Globalization has induced international trade to be easily conducted amongst nations. Previously nations had many economic barriers in order to protect their domestic products. These protections still exist in current times but at a much smaller scale. Globalization, hand in hand with improvements of technology such as the Internet, has slowly seduced nations into realizing the importance and advantages of international trade, thus leading these nations to become more open to international trade. It can be clearly seen that those developing nations that enjoying the most economic growth are those that are open to trade. The more open they are to trade, the faster they are undergoing the transformation from being a developing nation to a developed one.
Foreign direct investment (FDI) occurs when an investor based in one country (the home country) acquires an asset in another country (the host country) with the intent to manage the asset. The management dimension is what distinguishes FDI from portfolio investment in foreign stocks, bonds and other financial instruments, according to the WTO press release on October 1996. Foreign direct investment has been expanding at a very fast space throughout the past decade and recorded growths of about 40% per year from 1995-2000. This tremendous rate of growth exceeds the growth of world production and trade. There are two main factors that account for the rising tide of FDI flows over the past decade or so, globalization and mergers and acquisitions (Wild, 2003).
A closer look will be taken into the reasons on globalization being a factor of the rising tide of foreign direct investment. Globalization as discussed previously, has led a hand into trade barriers being either reduced or removed completely. This phenomenon has induced companies to export their products abroad easily due to the reduced restrictions and taxes on imported goods and services.
With trade barriers being reduced or removed completely by countries worldwide, companies also realized that they could now produce their products in the most efficient and productive locations abroad instead of solely manufacturing their goods locally which not always was the cheapest of most effective manner. Developing nations or low-cost newly industrialized nations was the prime target of these companies to set-up their production facilities abroad and this brought about a massive growth of foreign direct investment to these nations that were involved. As globalization is increasing in recent times, so has the number of companies worldwide that have started to undertake foreign direct investment.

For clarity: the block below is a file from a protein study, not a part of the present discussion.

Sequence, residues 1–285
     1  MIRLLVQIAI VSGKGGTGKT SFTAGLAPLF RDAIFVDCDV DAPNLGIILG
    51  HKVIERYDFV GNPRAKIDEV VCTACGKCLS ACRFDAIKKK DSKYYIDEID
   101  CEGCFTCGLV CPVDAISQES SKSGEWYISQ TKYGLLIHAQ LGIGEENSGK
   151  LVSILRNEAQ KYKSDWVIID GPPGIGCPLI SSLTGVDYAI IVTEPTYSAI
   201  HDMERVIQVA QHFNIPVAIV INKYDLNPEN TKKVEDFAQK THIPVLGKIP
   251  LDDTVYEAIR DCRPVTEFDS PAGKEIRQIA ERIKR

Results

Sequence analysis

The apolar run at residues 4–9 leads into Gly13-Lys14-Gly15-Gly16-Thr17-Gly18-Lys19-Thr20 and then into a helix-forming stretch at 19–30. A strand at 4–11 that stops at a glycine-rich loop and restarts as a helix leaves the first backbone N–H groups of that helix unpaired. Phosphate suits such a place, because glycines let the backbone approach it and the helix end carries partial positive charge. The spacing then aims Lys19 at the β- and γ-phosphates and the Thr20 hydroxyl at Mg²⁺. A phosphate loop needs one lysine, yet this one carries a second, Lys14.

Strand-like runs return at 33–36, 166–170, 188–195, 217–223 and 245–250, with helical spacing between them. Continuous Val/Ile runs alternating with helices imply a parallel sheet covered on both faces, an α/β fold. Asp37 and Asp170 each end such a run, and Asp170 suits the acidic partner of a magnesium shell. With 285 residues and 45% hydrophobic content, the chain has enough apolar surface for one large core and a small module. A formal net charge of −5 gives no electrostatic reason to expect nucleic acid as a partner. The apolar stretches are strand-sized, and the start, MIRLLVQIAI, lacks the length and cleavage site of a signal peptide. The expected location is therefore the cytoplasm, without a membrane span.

Globalization has never been short of its supporters or critics. It has been a highly controversial international business phenomenon for the past decade or so. Withstanding all its praises and criticisms, we have to learn to deal with it because globalization is a wave that has already hit the world and shows no signs of slowing down. International trade and foreign direct investment has seen tremendous growth due to globalization and international businesses have embraced this concept and are already gearing towards a more borderless and less restricted international business environment. As Kofi Annan, the Secretary General of the United Nations, has said: “Whatever cause you champion, the cure does not lie in protesting against globalization itself. I believe the poor are poor not because of too much globalization, but because of too little.” This statement is true; globalization is needed by both the poor and the rich nations in order to move into the next dimension of international business.